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GO Transit: Service thread (including extensions)

Ok, so I note that we are all collectively running a tad off topic for the GO service thread. That said, I can't resist sneaking in something for the younger set.

Until 1995, the TTC didn't have a door chime............conductors blew a whistle. Here's a video from the last train where that happened:

A sound from my youth. Also, the guard was a second set of crew eyes on the train.
 
Ok, so I note that we are all collectively running a tad off topic for the GO service thread. That said, I can't resist sneaking in something for the younger set.

Until 1995, the TTC didn't have a door chime............conductors blew a whistle. Here's a video from the last train where that happened:


TTC Staff still have whistles in the event the chimes fail. Quite ironic actually as if the chimes fail chances are the train will be taken OOS.
 
The rule is being implemented for two reasons, one overt and the other more subtle.

The overt - at busy stations such as Union, it can take a full minute (or more) for the CSA to close the doors on a train, especially if it is crowded and both sides are open. Closing the doors "early" - in the sense that they start the door closing procedure one minute prior to scheduled departure - is a means to help the trains get out of the station on time.

The subtle - this is also a means to get passengers aware that they need to get to the stations earlier, so that they are not rushing the doors as they close. This is why GO's messaging on this has been fairly quiet and with few clarifications. If they can get people thinking that they need to be at their home station - regardless of whether it is actually affected by the rule - earlier in order to make sure that they get on before the doors close, then all of the "bad press" has done its job.

It should also be noted that most systems around the planet have some similar rule already in place. Intercity systems will have such a rule at all stations, or at least the major ones, while commuter systems will do it only at the point of origin for a specific trip. The amount of time varies somewhat based on their operating practices and cultural details.

Dan
I don‘t think that anyone questions the benefit of scheduling a small buffer between the events „doors are getting closed“ rather than the strange insistence that passengers somehow care about the timing of the latter event more than about that of the one which actually determines whether they will catch the train in time or miss it. If I may quote myself:
 
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The bag was caught on a grab iron as the train was pulling into the station, didn’t have anything to do with the doors. That’s why the grab irons on all coaches were removed a few years ago:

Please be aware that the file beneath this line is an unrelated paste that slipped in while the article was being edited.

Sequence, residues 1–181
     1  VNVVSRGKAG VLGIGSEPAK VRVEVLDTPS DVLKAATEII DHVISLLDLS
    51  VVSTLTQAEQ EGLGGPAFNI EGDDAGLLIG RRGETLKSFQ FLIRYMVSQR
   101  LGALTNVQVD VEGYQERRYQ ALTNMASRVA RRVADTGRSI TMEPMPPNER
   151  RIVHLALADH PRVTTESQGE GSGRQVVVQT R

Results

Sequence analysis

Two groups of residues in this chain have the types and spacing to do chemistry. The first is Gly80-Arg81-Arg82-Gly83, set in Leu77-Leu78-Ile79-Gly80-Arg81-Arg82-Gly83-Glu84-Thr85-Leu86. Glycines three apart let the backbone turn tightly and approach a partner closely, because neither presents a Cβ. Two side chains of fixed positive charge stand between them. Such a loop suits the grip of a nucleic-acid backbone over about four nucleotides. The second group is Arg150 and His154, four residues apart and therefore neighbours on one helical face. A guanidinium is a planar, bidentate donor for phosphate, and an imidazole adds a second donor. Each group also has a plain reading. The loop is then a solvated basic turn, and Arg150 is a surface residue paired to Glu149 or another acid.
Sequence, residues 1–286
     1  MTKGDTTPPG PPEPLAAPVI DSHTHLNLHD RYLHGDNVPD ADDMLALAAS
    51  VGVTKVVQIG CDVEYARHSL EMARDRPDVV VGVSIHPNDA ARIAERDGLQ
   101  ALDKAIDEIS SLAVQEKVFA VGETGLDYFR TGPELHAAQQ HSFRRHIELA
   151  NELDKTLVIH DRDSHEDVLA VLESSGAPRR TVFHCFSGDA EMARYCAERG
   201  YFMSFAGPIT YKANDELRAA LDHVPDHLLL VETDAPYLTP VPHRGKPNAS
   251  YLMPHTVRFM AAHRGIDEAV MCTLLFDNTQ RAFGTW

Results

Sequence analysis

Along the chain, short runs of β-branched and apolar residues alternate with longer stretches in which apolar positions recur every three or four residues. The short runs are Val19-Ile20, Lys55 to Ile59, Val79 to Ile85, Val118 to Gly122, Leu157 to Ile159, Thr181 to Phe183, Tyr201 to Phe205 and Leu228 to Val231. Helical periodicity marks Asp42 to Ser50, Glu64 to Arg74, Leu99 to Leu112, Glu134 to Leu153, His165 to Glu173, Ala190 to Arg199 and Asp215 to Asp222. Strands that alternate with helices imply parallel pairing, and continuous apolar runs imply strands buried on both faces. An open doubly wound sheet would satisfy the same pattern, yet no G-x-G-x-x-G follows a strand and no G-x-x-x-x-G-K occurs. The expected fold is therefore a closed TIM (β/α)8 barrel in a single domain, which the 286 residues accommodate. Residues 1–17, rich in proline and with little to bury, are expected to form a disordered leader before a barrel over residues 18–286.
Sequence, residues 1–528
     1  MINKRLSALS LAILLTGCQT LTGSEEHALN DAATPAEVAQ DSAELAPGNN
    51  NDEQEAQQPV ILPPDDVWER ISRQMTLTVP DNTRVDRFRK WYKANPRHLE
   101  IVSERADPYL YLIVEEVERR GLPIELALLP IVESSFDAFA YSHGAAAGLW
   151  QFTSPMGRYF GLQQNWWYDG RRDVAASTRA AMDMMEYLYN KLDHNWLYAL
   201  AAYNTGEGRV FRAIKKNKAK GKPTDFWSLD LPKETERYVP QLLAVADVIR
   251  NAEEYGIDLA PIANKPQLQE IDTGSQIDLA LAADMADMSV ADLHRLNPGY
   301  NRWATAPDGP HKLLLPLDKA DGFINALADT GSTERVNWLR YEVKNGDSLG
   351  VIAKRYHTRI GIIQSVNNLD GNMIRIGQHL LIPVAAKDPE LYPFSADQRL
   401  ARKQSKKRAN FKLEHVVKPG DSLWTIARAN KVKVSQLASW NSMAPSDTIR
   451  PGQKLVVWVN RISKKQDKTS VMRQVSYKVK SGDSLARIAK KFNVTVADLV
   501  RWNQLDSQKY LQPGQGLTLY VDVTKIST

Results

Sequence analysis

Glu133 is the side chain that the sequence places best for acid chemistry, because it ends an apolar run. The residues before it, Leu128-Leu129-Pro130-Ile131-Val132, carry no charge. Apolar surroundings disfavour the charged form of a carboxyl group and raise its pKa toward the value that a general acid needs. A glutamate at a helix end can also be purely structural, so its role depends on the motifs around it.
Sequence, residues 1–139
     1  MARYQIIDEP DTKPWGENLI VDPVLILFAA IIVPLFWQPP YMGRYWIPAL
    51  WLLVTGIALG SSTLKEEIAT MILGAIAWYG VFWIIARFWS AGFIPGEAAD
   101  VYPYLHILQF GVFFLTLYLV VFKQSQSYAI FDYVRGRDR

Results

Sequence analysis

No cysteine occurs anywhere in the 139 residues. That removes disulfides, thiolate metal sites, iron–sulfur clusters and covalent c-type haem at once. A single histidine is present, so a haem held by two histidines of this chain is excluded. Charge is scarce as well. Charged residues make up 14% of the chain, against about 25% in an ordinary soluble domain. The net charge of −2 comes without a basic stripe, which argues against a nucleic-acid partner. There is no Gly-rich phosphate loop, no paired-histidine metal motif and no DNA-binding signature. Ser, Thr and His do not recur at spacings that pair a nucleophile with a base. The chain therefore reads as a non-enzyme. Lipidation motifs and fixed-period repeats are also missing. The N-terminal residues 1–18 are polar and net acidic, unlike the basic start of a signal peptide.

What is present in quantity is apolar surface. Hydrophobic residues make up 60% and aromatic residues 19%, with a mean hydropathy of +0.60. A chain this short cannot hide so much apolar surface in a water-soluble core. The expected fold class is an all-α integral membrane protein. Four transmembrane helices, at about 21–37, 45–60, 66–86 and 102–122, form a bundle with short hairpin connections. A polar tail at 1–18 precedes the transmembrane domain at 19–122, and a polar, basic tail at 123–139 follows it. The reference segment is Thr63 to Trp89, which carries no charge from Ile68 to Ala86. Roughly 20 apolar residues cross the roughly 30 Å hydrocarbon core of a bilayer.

View attachment 449475View attachment 449474
So now they can't ride in trains that are being shunted in the yard?

The person was past the yellow line when they got caught.
 
TTC Staff still have whistles in the event the chimes fail. Quite ironic actually as if the chimes fail chances are the train will be taken OOS.
The train will be taken out of service to get the fault repaired, but not immediately. It is not considered a safety-critical issue. The crew is expected to complete their run first - thus the whistles.

Dan
 
Wonder if they could extend the Waterloo ION light rail line past Cambridge to Hamilton, as a "tram train"?

Legally, Waterloo ion is a tram train already as it travels partly on mainline track. Depending on how much funding there is, the "Cambridge GO line" could likely be a tram. I think a tram train to st Jacobs would be cool (Waterloo owns the track currently)
 
Wonder if they could extend the Waterloo ION light rail line past Cambridge to Hamilton, as a "tram train"?
In a perfect world, this happens along with the Milton line fully being all day frequent service and extended to Cambridge. Maybe while we're at it, OBRY gets bought by ML and Orangeville line exists with all day frequent service, giving a more convenient regional connection with it and Cambridge, and the rest of the ION/Waterloo region as well.
 
In a perfect world, this happens along with the Milton line fully being all day frequent service and extended to Cambridge. Maybe while we're at it, OBRY gets bought by ML and Orangeville line exists with all day frequent service, giving a more convenient regional connection with it and Cambridge, and the rest of the ION/Waterloo region as well.
With the Galt Sub being part of CP‘s Toronto-Chicago spine, it would be terribly expensive to extend the Milton line to Cambridge, with basically no major settlement en-route. Much better to build a branch from the Kitchener Corridor by reactivating the Fergus Sub from Guelph, which allows separate stops at Hespeler, Preston and near Cambridges bus terminal…
 

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